By Ugur Nedim and Zeb Holmes
Despite a spate of drug-related deaths at music festivals in Sydney and other parts of New South Wales, the state government remains staunchly opposed to introducing harm reduction measures such as pill testing which have proven remarkably successful in several European countries – to the point where they are now part of the European Community’s best practice guidelines.
Instead, Premier Berejiklian’s solution appear to be pricing and regulating the events out of existence.
Organisers of the cancelled Psyfari music festival posted on their website that the Berejiklian government has “shown no mercy in wiping these events out in order to make a political point”. The festival was set to celebrate its tenth anniversary this year, but could not meet the additional $200,000 required of them at the last minute for additional ‘user pays policing’ fees.
Police are currently charging $127.80 per hour, per officer to ‘service’ festivals and demanding to have large numbers of officers attend – numbers that are unnecessary in the eyes of many.
The Bohemian Beatfreaks festival was similarly hit with a last minute $200,000 policing bill, after previously being quote $16,000 for the 3,000 person event.
And the Rabbits Eat Lettuce festival was forced to relocate across the border to Queensland after being priced beyond viability.
The Director of Byron Bay’s iconic Bluesfest is also foreshadowing a move out of NSW due to exorbitant compliance costs, potentially ending a 30 year tradition.
Yet another victim
Mountain Sounds is a music festival held annually in the Central Coast of NSW since 2014.
It was scheduled to be held this weekend but had to be cancelled due to the “impossible” restrictions and costs imposed by the state government, including (you guessed it) $200,000 in user pays policing costs levied just a week before the event.
“The combination of excessive costs, additional licensing conditions and the enforcement of a stricter timeline left us no option but to cancel the event,” event management advised.
Organisers had already agreed to downsize their site and cancel more than 20 acts to ensure compliance with newly-imposed safety, licensing and security costs.
The final straw was being advised they would need to pay for the constant presence of 45 police officers, despite being advised on 18 January 2019 that they would only need to pay for 11.
Pay up, or ship out
NSW Greens MLC David Shoebridge has been a vocal critic of the government’s war on music festivals.
“I’ve had a number of festival organisers speak to me about the way in which the NSW police are increasing putting these exorbitant charges on,” he advised. “They’ve described it as effectively a shakedown by the police demanding obscene amounts of money.”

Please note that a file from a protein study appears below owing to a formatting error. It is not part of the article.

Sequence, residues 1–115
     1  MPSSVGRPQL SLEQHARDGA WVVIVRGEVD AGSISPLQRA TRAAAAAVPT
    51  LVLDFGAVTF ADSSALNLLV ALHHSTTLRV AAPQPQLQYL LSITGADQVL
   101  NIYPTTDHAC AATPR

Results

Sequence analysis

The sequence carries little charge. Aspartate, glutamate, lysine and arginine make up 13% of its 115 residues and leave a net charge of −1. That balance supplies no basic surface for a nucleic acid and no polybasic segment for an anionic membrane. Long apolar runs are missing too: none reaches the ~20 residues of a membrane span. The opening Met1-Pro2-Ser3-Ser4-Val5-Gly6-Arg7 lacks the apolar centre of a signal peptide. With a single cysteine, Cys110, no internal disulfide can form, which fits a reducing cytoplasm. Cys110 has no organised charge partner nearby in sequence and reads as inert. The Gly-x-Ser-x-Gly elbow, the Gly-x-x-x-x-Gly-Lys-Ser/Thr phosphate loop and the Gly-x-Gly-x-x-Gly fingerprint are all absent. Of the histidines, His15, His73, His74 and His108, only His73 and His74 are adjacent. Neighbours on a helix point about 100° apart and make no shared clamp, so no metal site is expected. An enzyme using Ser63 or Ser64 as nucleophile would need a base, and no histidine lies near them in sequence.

He explained that in recent years, Local Area Commanders have been treating the user pays policing services as a “cash cow”, and that the Berejiklian government’s festival safety review is now being used “as a means of shutting down music festivals they don’t like”.
Premier Berejiklian has publicly stated that “I don’t think it’s fair for organisers to blame anybody but themselves.”
“There are rules in place,” she remarked. “The festival organisers just have to obey the law. It’s not just about making a quick dollar, it’s also about keeping the people who turn up safe.”
The Premier failed to make mention of the unrealistically short notice given to festival organisers.
Interestingly, Berejiklian seemed to change her tune when it came to Bluesfest, saying she was hopeful the rules would not disrupt the iconic event.
“That festival has been going for 29 years, it’s a fantastic festival, it’s low risk so they don’t have anything to worry about,” she remarked. “I don’t want anyone who’s holding a festival for a long time to be worried, this is not aimed at you.”
Predictably, NSW Police Minister Troy Grant put the blame for cancellations squarely on festival organisers, calling their logistics “inadequate and incomplete.” This is despite the fact many of the festivals ran perfectly well for many years prior.
Mr Grant went so far as to claim organisers of Mountain Sounds failed to respond to police requests for information. Event management has strenuously denied the claim, stating “Mountain Sounds has never in its six years of operating not responded to the police,” they said.
Those who disagree with the way festivals are being treated point out that part of government’s role is to promote social and cultural events, and that the unrealistic costs and demands placed upon festival organisers are contributing to the state’s regression into the nation’s social wasteland.